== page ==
No LTV Limit on Refinance Program


On Sunday, Nick Timiraos and the Wall Street Journal posted "Home Lending Revamp Planned" (subscription required).

Federal regulators on Monday plan to unveil a major overhaul of an under-used mortgage-refinance program designed to help millions of Americans whose home values have tumbled.


The plan is the latest White House effort to deal with one of the most critical impediments to economic recovery—a stagnant housing market caused in part by a surfeit of homeowners who are unable to refinance.



The overhaul will, among other things, let borrowers refinance regardless of how far their homes have fallen in value, eliminating previous limits.

While official details have not yet been released (that is scheduled for later today), based on the preliminary information, the plan appears more aggressive than was expected.  The market has been anticipating some type of expansion of the refinance program, which to this point has had underwhelming results.  I have no idea if this version will be the one that sticks, but it certainly seems that they will continue to fiddle with this until it works.  Regardless of what we think of the usefulness of the program, community banks need to be prepared for what this will mean for their balance sheets when it finally works.

The program apparently will include any loans that were guaranteed by Fannie and Freddie as of June 2009, and will have a much more lenient and streamlined approval process than previous versions.  If borrowers are current, they are very likely to qualify.  Obviously, this means we can expect an increase in prepay speeds, and this time it could be significant.  So, what should we be thinking about?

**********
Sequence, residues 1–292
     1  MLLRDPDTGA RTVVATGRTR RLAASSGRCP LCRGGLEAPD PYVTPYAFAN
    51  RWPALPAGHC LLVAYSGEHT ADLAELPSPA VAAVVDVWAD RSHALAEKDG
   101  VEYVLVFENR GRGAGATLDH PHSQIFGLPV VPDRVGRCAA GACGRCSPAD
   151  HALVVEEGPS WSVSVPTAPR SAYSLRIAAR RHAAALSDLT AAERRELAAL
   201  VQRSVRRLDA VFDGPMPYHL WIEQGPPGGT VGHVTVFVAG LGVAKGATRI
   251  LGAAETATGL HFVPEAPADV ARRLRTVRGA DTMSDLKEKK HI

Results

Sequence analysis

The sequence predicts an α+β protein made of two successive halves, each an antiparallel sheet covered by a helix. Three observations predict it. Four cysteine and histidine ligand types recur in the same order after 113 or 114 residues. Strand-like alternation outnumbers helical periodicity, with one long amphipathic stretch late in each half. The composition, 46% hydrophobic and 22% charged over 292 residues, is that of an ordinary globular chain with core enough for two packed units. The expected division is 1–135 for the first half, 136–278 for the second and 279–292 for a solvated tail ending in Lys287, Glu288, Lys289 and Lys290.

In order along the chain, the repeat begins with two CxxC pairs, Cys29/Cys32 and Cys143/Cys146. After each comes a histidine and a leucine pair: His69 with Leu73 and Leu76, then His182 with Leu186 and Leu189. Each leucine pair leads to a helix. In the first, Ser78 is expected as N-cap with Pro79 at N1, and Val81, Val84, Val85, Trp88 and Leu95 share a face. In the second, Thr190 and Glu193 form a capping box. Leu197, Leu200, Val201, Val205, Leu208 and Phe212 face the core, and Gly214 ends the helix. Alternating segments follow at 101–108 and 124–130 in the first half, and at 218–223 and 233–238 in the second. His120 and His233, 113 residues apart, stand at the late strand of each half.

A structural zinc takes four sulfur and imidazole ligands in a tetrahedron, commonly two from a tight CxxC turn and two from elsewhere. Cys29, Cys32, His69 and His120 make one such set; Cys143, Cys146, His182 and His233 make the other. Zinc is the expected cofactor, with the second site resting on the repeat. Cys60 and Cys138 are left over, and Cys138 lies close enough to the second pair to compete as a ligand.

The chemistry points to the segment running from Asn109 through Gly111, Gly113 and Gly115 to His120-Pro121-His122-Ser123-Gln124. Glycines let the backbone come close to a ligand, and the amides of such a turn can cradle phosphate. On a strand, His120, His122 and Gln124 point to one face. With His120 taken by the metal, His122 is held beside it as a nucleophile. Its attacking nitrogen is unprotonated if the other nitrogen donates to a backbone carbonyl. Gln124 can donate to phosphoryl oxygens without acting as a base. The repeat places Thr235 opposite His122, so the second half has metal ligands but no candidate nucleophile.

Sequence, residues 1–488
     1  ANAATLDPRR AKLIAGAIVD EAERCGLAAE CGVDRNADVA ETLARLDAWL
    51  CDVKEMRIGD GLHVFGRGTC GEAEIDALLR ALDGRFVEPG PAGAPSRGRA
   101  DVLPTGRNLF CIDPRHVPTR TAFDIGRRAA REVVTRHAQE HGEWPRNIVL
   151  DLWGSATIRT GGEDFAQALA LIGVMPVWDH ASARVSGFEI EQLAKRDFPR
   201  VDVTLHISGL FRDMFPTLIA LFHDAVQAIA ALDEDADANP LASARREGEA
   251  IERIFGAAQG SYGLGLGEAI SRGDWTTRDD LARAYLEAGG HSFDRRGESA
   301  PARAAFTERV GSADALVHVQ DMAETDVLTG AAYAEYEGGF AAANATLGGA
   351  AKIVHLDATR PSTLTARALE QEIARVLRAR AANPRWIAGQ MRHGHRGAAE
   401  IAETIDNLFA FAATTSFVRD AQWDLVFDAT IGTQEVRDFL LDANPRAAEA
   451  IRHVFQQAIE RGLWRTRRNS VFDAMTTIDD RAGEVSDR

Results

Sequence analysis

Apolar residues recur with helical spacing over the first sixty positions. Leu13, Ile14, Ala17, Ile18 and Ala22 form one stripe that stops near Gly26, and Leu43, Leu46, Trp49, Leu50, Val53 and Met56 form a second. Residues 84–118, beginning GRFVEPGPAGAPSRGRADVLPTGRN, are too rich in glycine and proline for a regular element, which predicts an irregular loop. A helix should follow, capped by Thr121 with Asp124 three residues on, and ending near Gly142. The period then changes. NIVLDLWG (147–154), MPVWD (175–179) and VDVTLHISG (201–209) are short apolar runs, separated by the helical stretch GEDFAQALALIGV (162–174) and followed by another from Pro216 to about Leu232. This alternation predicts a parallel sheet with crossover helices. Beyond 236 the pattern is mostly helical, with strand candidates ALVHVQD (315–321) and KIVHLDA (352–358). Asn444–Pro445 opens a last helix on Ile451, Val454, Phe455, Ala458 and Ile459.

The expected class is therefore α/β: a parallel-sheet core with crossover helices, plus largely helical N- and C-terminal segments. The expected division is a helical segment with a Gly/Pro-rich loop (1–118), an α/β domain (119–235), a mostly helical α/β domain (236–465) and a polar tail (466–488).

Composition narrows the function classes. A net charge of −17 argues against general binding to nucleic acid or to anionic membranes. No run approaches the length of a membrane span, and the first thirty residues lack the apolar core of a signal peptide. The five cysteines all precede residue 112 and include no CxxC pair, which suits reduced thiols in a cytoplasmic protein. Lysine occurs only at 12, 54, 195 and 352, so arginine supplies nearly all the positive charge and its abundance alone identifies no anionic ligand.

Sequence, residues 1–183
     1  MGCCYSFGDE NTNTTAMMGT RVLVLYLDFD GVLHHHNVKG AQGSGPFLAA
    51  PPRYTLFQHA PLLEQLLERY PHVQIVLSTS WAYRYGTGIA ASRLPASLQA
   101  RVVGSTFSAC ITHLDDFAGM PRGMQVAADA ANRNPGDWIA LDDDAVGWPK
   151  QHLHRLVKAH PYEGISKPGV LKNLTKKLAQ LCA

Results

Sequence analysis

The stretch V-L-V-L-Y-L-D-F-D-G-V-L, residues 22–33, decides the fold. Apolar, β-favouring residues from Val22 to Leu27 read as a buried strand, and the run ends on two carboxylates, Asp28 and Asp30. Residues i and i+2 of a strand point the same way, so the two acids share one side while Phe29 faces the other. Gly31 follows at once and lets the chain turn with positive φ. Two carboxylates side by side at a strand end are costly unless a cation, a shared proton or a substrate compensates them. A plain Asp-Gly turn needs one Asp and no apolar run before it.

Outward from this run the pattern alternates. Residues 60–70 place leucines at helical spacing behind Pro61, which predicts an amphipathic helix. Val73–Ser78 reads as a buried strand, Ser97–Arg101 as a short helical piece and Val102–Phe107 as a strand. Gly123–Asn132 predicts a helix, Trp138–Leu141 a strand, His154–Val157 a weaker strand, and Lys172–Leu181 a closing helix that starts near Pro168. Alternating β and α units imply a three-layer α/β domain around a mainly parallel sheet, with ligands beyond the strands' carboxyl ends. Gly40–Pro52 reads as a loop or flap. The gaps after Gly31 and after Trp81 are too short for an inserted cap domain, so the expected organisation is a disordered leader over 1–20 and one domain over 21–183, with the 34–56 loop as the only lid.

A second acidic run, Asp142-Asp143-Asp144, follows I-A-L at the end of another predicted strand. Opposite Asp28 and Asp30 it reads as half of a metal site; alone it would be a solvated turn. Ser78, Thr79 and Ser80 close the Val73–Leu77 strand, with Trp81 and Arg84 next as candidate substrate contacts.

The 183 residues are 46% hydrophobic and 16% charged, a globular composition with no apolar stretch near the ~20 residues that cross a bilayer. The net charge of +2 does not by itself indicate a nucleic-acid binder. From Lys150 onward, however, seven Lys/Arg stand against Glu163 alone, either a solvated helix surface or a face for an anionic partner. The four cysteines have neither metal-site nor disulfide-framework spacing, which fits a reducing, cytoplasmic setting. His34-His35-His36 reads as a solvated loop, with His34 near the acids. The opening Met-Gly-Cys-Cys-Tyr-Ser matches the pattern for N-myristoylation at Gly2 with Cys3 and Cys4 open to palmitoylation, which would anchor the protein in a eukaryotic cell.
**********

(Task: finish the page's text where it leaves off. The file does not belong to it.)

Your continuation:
•  Clearly, first and foremost, we must consider our premium risk on MBS in the portfolio.  How much of our portfolio's income is at risk as we start amortizing big chunks of premium?
  • Do we have CMOs that may behave differently?  It is possible that if speeds pick up enough, some of those PAC CMOs we had targeted for specific windows could jump around on us.  Make sure you have a handle on your cash flows.  If you buy paper with tight windows, you shouldn't see anything significant, but make sure run the analysis if you might have exposure.
  • And most important, what will we do with all of the cash that will be coming back at us?  Most of us do not have loan demand to sop up the liquidity already on the balance sheet, much less a new slug of cash.  Our higher coupon MBS have been providing solid income, and replacing it will be difficult at best.
  • Some of our clients are increasingly being squeezed by aggressive loan pricing, specifically some of the larger regional banks willing to do 7 and 10 year fixed rates on stronger commercial loans.  Those deals will be even more painful to lose if your prepays are faster, so what is your strategy?  Most banks are not willing to add interest rate risk, especially if they are already feeling the effects of it in the bond portfolio.

There are strategies that may be a fit for your balance sheet.  Contact us if you would like to discuss your situation